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Taylor

Taylor
February 21, 2013

Dave Grohl, Sound City, and The Great Analog Debate

Sound City

On January 31st 2013, the limited theatrical release of Dave Grohl’s documentary Sound City premiered to an eager public. Those who couldn’t make it to the screening got to digitally download the film on February 1st. For those of you who don’t know, Sound City tells the story of Sound City Studios, the birthplace of seminal records from bands such as Fleetwood Mac, REO Speedwagon, Tom Petty, Rick Springfield, Johnny Cash, Nirvana, Rage Against the Machine, and many more. The story is as much about Sound City, its staff, and the records made there, as it is a story about the famed Neve recording console, Grohl’s all star compilation record, and a much larger discussion about analog recording techniques, when compared to the introduction and proliferation of digital technology from the 80s into today. 

Despite what some critics are saying, it’s a very well done documentary, especially from someone that has never made a full length feature film. Grohl notes on his interview with Stephen Colbert that he had no experience whatsoever making a full length feature but like his drum and guitar skill, that technique did not come about through formal training. It came about through vigorous passion and drive. Clearly great advice to those with any doubt about their ability to achieve a goal. Being a big fan of Foo Fighters and rock documentaries, I had to give Sound City several screenings after downloading it from iTunes. After around the 4th viewing, I began to question many things about music, technology, artistry, and the message that Sound City was trying to convey.

There is a crossroad in the story of production and recording when the age of digital steps in, and Sound City documents this shift beautifully. So beautifully in fact you feel for analog and the Neve desk like you would for a struggling protagonist. Although when this moment of digital intrusion happens in the film, I began to question Grohl’s message. How can you make this opus to analog and the Neve desk while shooting your film on a digital camera, editing it digitally, selling it digitally, and subsequently releasing the film’s soundtrack digitally? We live in an era where the majority of today’s popular media is produced and consumed through digital means, but does that make it any less artistic? Should we shun the technology or does it make more sense to shun the artists who produce vapid and commercial art? Is it really analog anymore if it’s consumed digitally? Is digital really the death of analog and if so, should we even bother to mourn its passing?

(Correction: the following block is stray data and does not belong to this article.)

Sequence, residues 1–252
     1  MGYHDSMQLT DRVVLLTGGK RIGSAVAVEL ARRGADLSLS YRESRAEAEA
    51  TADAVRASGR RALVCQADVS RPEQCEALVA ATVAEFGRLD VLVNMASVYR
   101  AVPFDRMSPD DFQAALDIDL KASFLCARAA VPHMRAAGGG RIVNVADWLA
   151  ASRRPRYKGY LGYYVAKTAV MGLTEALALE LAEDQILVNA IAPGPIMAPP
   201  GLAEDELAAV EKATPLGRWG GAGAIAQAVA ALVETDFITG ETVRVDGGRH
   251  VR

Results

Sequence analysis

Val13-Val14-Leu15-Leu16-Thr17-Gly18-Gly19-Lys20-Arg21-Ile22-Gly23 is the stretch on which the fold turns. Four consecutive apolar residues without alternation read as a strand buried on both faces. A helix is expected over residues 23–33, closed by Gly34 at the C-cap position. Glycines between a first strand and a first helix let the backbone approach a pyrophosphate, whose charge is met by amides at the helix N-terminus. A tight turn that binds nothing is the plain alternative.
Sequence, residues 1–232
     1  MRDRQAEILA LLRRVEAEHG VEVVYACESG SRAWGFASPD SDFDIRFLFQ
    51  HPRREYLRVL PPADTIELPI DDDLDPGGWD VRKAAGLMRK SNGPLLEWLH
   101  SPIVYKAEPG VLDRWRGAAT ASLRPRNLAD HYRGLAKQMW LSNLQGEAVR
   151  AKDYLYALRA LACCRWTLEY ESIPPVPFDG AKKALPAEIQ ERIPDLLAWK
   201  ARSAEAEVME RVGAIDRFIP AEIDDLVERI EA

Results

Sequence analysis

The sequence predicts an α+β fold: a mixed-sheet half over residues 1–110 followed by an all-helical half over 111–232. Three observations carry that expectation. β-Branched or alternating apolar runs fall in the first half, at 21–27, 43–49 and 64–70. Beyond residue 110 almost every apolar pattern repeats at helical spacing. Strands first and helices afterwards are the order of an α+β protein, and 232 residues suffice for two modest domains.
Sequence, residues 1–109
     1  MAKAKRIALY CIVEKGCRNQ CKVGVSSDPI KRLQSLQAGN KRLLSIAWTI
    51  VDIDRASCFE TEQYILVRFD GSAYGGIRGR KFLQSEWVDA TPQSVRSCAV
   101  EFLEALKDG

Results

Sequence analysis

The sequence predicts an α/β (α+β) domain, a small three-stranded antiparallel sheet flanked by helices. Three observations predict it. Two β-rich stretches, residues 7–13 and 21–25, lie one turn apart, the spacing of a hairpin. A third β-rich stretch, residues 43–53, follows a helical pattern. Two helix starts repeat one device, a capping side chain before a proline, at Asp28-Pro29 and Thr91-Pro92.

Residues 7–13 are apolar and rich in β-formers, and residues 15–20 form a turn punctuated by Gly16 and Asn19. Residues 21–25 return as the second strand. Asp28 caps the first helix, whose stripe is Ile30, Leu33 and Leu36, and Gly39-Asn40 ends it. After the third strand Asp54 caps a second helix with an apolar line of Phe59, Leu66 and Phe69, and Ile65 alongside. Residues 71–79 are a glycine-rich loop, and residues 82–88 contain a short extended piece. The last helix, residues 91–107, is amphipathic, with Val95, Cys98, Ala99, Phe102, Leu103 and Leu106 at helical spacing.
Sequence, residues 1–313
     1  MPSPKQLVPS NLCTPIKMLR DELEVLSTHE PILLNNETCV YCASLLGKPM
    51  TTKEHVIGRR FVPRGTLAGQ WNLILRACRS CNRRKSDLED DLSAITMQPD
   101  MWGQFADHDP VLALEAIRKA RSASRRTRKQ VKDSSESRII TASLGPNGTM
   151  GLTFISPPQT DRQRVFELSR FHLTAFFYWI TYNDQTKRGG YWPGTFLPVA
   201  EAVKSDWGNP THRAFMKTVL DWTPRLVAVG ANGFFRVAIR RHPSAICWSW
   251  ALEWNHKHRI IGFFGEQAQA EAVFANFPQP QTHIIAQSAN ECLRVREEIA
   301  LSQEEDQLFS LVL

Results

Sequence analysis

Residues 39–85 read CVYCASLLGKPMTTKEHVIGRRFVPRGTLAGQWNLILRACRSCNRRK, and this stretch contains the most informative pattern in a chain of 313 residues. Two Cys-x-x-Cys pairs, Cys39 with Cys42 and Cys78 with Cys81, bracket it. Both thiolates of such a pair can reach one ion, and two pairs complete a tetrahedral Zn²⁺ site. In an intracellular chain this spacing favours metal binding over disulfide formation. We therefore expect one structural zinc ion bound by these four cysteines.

Let's shoot a movie about analog on a digital camera!

Let’s shoot a movie about analog on a digital camera

No one side of the analog/digital debate is completely right or completely wrong, but what Grohl does in this film is place a flag firmly in the ground for analog. Grohl has been very open when it comes to how he feels about today’s music and its creators, and I agree with him wholeheartedly. No matter what you do it must come from your head and your heart, without relying on the computer to make things perfect. The problem that Grohl does not seem to address here is that there is a world that exists outside of his iconic rock milieu. It’s the world where everyone who is not in this movie lives. It’s closer to a collective reality than any of these Rock and Roll Hall of Fame alums and future inductees will ever experience. We can’t all sit at our Malibu beach homes discussing the good old days before the digital invasion. We are in fact embracing the invasion and using digital means as a reaction to the absurdly inflated cost to make music. We are also stuck in an era where nearly every studio is recording into the computer, so why spend money going to a studio when we can record at home? In the freelance composition world, the struggling rock band world, and even the DJ/producer world, things need to get done inexpensively out of necessity. We would all love to hang out with Sir Paul McCartney and record to tape like a “true artist” but that’s not reality and nor should it be.

One thing this film represents is a generational divide. The older generation sees digital for what they think it is: the death of art and creativity. Conversely those on the digital side respect the analog proponents, are influenced heavily by their work, but they still feel like they can work better with a medium that fits their needs. The artists that champion analog in Grohl’s film just cannot come to appreciate this aspect of evolving technology, and a big part of that is generational.

Generational Gap